UK markets closed
  • NIKKEI 225

    29,188.17
    +679.62 (+2.38%)
     
  • HANG SENG

    28,755.34
    +133.42 (+0.47%)
     
  • CRUDE OIL

    61.28
    -0.07 (-0.11%)
     
  • GOLD FUTURES

    1,782.50
    -10.60 (-0.59%)
     
  • DOW

    33,946.77
    -190.54 (-0.56%)
     
  • BTC-GBP

    39,312.36
    -1,392.88 (-3.42%)
     
  • CMC Crypto 200

    1,276.44
    +33.39 (+2.69%)
     
  • ^IXIC

    13,920.73
    -29.49 (-0.21%)
     
  • ^FTAS

    3,965.04
    +29.40 (+0.75%)
     

Yellen says more work needed to shore up weaknesses revealed by pandemic

Andrea Shalal and David Lawder
·3-min read
FILE PHOTO: U.S. Treasury Secretary Yellen attends economic briefing at the White House in Washington

By Andrea Shalal and David Lawder

WASHINGTON (Reuters) -U.S. Treasury Secretary Janet Yellen said a rapid U.S. economic recovery would boost overall global growth, but more work was needed to shore up weaknesses the global COVID-19 crisis exposed in the non-bank financial sector, supply chains and social safety nets.

Yellen on Tuesday told leaders of the IMF and the World Bank that the Biden Administration had decided to "go big" with its COVID-19 response to avert the negative "scarring" impact of long-lasting unemployment, adding that she hoped the U.S. economy would return to full employment next year.

Speaking during the International Monetary Fund and World Bank spring meetings, the former Federal Reserve chair said the crisis had dealt a huge blow worldwide, and it was the responsibility of advanced economies to ensure that years of progress in reducing poverty were not reversed by the crisis.

"We are going to be careful to learn the lessons of the (global) financial crisis, which is: 'Don't withdraw support too quickly,'" Yellen said, "And we would encourage all those developed countries that have the capacity... to continue to support a global recovery for the sake of the growth in the entire global economy."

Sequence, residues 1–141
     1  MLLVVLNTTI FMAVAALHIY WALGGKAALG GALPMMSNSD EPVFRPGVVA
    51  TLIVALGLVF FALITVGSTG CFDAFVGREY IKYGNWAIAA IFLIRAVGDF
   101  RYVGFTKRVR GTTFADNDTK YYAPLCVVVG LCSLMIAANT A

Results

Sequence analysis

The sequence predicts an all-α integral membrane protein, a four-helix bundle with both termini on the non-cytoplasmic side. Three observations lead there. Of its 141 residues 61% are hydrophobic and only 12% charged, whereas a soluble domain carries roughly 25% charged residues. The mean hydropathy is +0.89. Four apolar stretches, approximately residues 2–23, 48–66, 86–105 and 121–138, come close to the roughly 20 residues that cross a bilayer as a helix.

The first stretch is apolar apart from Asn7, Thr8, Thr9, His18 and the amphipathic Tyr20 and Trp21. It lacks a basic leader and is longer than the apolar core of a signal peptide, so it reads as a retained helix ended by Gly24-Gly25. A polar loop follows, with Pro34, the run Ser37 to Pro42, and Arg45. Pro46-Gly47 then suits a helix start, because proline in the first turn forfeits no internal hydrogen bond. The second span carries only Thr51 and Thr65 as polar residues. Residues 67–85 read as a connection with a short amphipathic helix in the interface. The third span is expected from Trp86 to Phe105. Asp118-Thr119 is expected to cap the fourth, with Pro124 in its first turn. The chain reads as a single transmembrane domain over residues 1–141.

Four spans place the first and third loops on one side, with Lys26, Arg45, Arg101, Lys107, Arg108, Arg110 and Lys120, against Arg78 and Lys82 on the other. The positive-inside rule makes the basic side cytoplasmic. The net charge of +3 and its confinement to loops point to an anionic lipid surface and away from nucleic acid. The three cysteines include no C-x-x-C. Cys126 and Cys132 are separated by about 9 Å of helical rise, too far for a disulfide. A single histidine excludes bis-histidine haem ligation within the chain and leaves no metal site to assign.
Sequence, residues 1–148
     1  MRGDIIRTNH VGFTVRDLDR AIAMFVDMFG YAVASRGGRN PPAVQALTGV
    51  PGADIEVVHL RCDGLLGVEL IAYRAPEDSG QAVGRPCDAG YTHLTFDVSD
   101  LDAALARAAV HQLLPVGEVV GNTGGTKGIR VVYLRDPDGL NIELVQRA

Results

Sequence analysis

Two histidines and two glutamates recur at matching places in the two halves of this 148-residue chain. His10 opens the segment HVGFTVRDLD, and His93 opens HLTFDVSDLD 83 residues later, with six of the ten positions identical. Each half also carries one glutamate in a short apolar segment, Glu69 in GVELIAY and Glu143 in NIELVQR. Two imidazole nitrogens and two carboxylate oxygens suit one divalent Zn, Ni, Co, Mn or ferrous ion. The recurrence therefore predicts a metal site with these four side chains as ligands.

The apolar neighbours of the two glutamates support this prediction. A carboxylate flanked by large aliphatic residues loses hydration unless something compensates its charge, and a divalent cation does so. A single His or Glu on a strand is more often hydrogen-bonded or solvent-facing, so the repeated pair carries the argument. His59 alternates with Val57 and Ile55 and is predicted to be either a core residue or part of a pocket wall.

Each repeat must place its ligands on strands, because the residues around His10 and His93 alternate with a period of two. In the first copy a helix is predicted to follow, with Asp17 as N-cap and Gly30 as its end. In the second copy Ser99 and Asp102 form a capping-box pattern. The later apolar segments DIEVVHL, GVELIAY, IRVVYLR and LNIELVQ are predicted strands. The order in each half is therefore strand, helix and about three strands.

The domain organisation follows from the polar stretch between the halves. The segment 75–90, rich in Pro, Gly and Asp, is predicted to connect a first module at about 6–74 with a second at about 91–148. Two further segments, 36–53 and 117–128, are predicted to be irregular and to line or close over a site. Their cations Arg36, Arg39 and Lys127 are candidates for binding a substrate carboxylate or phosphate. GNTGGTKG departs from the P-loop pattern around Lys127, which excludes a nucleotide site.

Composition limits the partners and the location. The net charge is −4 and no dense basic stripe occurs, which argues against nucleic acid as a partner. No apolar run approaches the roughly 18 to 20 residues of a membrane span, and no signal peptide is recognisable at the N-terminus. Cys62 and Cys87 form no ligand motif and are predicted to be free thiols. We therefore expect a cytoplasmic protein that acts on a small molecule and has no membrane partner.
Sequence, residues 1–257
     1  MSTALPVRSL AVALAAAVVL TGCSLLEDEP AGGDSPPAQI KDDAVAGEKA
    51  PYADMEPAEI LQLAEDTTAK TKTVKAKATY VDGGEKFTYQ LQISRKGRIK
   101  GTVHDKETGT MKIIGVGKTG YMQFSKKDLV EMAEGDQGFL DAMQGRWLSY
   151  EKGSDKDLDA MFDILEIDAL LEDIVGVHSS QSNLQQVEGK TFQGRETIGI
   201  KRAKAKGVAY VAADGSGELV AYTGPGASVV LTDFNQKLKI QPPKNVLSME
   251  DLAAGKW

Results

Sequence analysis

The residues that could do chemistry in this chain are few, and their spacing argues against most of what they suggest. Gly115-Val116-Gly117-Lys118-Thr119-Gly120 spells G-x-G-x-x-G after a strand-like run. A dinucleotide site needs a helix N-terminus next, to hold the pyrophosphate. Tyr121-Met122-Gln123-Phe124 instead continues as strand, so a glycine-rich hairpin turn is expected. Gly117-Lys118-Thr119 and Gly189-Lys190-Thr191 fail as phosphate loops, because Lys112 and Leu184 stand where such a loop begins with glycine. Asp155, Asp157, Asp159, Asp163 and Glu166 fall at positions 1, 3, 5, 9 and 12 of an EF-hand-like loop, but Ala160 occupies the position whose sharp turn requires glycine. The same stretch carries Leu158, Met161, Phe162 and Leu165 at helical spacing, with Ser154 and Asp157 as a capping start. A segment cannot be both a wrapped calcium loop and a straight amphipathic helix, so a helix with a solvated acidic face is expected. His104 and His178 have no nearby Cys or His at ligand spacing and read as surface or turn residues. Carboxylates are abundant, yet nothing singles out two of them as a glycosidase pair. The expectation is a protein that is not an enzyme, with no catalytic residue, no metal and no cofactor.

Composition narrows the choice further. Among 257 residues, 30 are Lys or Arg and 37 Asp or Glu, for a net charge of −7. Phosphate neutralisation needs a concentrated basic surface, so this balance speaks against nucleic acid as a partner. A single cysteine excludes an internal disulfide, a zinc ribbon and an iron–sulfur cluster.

The IMF on Tuesday said unprecedented public spending to fight the COVID-19 pandemic, primarily by the United States, would push global growth to 6% this year, a rate unseen since the 1970s.

Yellen said she hoped global finance officials made progress on approving a new allocation of the IMF's emergency reserve, or Special Drawing Rights, during the meeting, and said it was critical to tackle global debt issues exacerbated by the crisis.

It was critical to ensure the world was better prepared for the next global health crisis, she said, citing the need to improve the resilience of supply chains and social safety nets around the world.

She said the core banking sector had been strengthened after the 2008-2009 financial crisis, but some areas in the non-bank financial sector "showed tremendous stress" during the pandemic and would require attention.

CLIMATE FRONT AND CENTER

Yellen, who met earlier on Tuesday with the Coalition of Finance Ministers for Climate Action, also underscored the Biden Administration's commitment to tackling climate change at home and ensuring the needed "transfer of resources" to enable similar actions in developing countries.

"We need to make sure that we help developing countries meet their climate goals along with their development objectives. And the availability of green finance is critical to that," she said, noting that addressing climate change would also bring opportunities for investment to the private sector.

IMF Managing Director Kristalina Georgieva said climate risks were a growing threat to economic and financial stability, and said the IMF was stepping up its efforts to standardize reporting of risks, carry out stress testing and look at the role of supervisory authorities.

The Fund was also integrating climate-related risks in its financial sector assessments, while working with other organizations to increase data on carbon intensity and other climate risks in quarterly macroeconomic reports.

It was also working with countries to help them speed up their ability to integrate climate in their macroeconomic policies, she said.

World Bank President David Malpass said the bank was finalizing a new climate change action plan that includes a big increase in spending, building on record climate financing over the past two years.

(Reporting by Andrea Shalal and David Lawder; Editing by Chris Reese and Dan Grebler)